Memory arises in the present. Most experiences cannot be remembered however. Also, what is remembered is not the same sense of 'self'. For example, the mind can think back to the past and think: "Was that really me in the past? How could I have been like that & how could I have done those things?". For example, since "I" become a Buddhist & experienced some mental transformations, I struggle to identity with things from the past. Today, I am a completely different person, to the point that the old 'self' has completely died. In other words, there are actions I did in the past which would be impossible for me to do today. This shows the idea of 'self' is a changing thing.

Note: This is unrelated to how the idea of 'self' can completely vanish in the mind; leaving only the experience of life. Life without self (which is peaceful).

Remembrance of past is the continuity, which is YOU.

No. It is not YOU. It is only the remembrance of life; the remembrance of the five aggregates. Please refer to the Khajjaniya Sutta, which states:

At Savatthi. “Bhikkhus, those ascetics and brahmins who recollect their manifold past abodes all recollect the five aggregates subject to clinging or a certain one among them. What five?

“When recollecting thus, bhikkhus: ‘I had such form in the past,’ it is just form that one recollects. When recollecting: ‘I had such a feeling in the past,’ it is just feeling that one recollects. When recollecting: ‘I had such a perception in the past,’ it is just perception that one recollects. When recollecting: ‘I had such volitional formations in the past,’ it is just volitional formations that one recollects. When recollecting: ‘I had such consciousness in the past,’ it is just consciousness that one recollects.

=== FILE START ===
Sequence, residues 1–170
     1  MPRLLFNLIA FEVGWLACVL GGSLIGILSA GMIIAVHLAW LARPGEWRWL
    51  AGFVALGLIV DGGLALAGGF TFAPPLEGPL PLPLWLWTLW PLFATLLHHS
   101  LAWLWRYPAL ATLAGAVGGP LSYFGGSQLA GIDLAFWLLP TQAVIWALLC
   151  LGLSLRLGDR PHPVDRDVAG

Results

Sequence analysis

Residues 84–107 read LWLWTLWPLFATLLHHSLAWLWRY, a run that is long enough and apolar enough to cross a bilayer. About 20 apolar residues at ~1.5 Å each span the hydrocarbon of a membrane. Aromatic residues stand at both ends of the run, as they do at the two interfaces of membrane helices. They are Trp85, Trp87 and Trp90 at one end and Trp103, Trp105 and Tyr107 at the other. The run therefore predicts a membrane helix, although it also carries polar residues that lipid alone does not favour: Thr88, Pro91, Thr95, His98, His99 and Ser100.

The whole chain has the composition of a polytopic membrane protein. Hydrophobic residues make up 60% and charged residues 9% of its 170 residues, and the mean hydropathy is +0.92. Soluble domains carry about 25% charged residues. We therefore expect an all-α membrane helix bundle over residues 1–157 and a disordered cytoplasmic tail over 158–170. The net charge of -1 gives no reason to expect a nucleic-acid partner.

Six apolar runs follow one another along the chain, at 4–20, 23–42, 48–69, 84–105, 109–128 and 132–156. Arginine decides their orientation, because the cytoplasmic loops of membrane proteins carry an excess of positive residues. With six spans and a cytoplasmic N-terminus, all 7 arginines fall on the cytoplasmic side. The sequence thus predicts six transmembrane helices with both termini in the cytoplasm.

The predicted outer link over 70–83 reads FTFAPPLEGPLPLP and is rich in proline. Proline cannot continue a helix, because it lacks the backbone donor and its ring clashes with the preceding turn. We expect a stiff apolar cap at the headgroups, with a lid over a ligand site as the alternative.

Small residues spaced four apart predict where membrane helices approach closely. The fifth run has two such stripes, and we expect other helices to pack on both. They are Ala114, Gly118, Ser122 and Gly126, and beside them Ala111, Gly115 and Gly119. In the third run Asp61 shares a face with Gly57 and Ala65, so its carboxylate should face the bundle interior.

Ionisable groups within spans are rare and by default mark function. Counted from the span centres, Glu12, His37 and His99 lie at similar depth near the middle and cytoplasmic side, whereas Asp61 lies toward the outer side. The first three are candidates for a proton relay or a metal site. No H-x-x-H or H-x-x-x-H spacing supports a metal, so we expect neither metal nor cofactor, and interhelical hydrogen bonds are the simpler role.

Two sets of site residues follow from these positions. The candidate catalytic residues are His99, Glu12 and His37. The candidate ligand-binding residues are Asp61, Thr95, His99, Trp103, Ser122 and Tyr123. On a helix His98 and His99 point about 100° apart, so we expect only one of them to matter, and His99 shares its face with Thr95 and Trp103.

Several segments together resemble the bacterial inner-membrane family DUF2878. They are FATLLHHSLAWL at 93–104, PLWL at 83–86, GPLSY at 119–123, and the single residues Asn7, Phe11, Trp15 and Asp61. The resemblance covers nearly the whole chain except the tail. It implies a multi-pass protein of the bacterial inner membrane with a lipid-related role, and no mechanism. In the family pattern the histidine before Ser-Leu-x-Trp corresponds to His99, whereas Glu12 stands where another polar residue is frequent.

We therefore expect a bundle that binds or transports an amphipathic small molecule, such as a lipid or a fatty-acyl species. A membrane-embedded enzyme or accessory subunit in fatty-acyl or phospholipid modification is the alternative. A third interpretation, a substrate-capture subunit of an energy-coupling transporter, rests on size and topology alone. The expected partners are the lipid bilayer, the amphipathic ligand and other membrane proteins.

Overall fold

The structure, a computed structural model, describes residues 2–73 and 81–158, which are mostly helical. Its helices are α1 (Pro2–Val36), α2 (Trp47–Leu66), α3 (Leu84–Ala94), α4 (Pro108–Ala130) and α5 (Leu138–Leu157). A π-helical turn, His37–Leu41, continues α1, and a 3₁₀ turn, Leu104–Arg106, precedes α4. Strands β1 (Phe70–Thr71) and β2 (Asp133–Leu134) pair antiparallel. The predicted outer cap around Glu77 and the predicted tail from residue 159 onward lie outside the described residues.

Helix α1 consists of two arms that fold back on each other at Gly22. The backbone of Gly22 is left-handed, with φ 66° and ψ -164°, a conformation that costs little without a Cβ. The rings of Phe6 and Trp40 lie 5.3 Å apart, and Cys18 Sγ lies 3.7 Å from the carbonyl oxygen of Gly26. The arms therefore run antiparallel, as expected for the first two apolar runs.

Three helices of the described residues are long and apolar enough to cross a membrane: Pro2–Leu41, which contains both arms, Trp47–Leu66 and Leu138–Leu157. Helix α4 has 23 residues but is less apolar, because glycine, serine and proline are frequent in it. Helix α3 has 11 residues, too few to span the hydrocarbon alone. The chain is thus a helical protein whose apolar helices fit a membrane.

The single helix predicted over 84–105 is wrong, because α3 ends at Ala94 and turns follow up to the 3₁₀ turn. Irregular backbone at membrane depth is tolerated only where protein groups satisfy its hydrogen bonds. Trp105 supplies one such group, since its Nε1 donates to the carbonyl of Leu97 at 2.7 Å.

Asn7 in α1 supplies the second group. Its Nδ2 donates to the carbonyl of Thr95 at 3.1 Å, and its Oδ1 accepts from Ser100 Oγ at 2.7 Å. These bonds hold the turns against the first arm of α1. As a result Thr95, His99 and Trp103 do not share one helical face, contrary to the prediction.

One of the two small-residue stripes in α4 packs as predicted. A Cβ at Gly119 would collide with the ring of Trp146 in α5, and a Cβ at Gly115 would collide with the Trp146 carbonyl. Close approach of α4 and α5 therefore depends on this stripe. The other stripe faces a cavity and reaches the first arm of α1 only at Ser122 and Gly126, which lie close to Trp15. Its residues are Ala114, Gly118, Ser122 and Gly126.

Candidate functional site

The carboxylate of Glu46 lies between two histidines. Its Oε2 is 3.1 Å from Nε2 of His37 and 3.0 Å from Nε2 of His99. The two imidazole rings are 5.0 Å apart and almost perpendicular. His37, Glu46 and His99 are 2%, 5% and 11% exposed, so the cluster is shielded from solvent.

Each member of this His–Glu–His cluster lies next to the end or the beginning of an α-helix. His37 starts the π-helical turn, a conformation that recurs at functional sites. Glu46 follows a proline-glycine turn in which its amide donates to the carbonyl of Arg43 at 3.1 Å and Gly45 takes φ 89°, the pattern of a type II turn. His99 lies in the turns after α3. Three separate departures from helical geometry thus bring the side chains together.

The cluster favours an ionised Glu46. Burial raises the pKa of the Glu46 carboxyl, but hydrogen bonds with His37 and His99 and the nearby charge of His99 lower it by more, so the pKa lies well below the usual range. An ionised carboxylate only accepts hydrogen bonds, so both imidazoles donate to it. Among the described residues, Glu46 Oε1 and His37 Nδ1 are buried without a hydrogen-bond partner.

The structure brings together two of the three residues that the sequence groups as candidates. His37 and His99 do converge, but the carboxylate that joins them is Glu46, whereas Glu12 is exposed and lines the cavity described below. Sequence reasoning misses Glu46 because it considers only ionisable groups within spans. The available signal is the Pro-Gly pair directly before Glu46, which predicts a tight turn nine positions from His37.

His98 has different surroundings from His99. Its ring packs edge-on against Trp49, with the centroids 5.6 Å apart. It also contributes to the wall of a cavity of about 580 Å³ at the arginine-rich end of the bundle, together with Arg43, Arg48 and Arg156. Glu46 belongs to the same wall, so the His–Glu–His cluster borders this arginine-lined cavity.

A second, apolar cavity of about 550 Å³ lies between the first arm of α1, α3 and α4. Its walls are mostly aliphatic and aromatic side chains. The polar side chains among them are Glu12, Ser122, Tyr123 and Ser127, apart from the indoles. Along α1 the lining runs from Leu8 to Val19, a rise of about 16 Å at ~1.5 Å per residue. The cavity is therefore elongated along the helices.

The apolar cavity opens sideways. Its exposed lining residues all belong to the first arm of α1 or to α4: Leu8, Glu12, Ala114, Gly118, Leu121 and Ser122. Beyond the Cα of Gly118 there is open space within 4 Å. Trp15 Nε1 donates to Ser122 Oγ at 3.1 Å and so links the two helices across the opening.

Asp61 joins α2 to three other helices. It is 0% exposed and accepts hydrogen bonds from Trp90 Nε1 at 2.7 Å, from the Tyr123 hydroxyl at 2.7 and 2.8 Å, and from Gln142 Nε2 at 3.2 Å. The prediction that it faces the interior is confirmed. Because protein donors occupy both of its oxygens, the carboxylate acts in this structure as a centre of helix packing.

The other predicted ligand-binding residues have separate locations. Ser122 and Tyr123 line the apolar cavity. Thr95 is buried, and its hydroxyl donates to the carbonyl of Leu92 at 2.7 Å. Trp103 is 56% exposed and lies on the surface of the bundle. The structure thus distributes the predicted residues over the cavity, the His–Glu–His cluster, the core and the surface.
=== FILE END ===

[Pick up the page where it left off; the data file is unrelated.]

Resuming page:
Therefore, bhikkhus, any kind of form whatsoever … Any kind of feeling whatsoever … Any kind of perception whatsoever … Any kind of volitional formations whatsoever … Any kind of consciousness whatsoever, whether past, future, or present, internal or external, gross or subtle, inferior or superior, far or near, all consciousness should be seen as it really is with correct wisdom thus: ‘This is not mine, this I am not, this is not my self.’

This is called, bhikkhus, a noble disciple who dismantles and does not build up; who abandons and does not cling; who scatters and does not amass; who extinguishes and does not kindle.

You took birth , you loved your parents , events happened in your life

No. There is no idea or thought of "self" when a baby is born from its mother. The idea of "self" only arises when the mind matures & is able to start identifying with things. Modern psychology studies this. A mentally retarded or brain damaged child may struggle to develop a coherent idea of "self". "Self" is a thought. Please refer to the Mahāmāluṅkya Sutta, which states a new born child has no thoughts of self-identity: